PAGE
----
Watch: DC’s Stockholm Syndrome

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We’ve getting emails all weeekend from friends, family, MoJo readers, and random strangers about David Corn and Kevin Drum‘s turn on Bill Moyers’ Journal. It was really an astonishingly good show, and well worth watching in the context of… just about everything happening in Washington right now. Take your pick: Today, there’s a kerfuffle about the shadow of the possibility of a financial transaction fee, a tiny amount the government could collect from banks to get a little something back for taxpayers–or, more to the point, for our children, who will be paying for the deficit we ran up for the bailout. (Yes, some banks are repaying TARP money, but do you know just how tiny fraction of the total bailout that is? Our handy chart, along with lots more data geekery on shameless bonuses and such, is here. The “Too Big to Jail” package that inspired Moyers to ask Kevin and David to come on is here.) As with every other proposal to make Big Finance bear any part of the burden for the disaster it has caused, this won’t fly unless politicians feel they have more to lose from satisfying Wall Street than they do from offending it. So watch the show and forward it to your friends. It’s as informative as it is outrage-building—and on this topic, we could use more information and more outrage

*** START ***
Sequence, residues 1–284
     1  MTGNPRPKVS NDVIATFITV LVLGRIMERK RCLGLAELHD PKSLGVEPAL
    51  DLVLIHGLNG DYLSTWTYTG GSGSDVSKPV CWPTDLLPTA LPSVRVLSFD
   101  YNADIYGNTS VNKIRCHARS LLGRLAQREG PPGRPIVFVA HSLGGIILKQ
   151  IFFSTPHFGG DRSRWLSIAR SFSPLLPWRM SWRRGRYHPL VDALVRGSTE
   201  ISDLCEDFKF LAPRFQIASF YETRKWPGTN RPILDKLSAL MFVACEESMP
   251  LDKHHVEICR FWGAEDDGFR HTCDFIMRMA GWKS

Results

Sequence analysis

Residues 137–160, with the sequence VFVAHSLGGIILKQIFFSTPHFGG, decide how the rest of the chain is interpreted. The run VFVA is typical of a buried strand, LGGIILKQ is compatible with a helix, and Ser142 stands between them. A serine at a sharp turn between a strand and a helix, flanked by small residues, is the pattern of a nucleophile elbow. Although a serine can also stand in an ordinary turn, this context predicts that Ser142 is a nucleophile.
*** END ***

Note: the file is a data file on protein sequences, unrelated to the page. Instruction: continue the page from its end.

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We've never been very good at being conservative.

And usually, that serves us well in doing the ambitious, hard-hitting journalism that you turn to Mother Jones for. But it also means we can't afford to come up short when it comes to scratching together the funds it takes to keep our team firing on all cylinders, and the truth is, we finished our budgeting cycle on June 30 about $100,000 short of our online goal.

This is no time to come up short. It's time to fight like hell, as our namesake would tell us to do, for a democracy where minority rule cannot impose an extreme agenda, where facts matter, and where accountability has a chance at the polls and in the press. If you value our reporting and you can right now, please help us dig out of the $100,000 hole we're starting our new budgeting cycle in with an always-needed and always-appreciated donation today.

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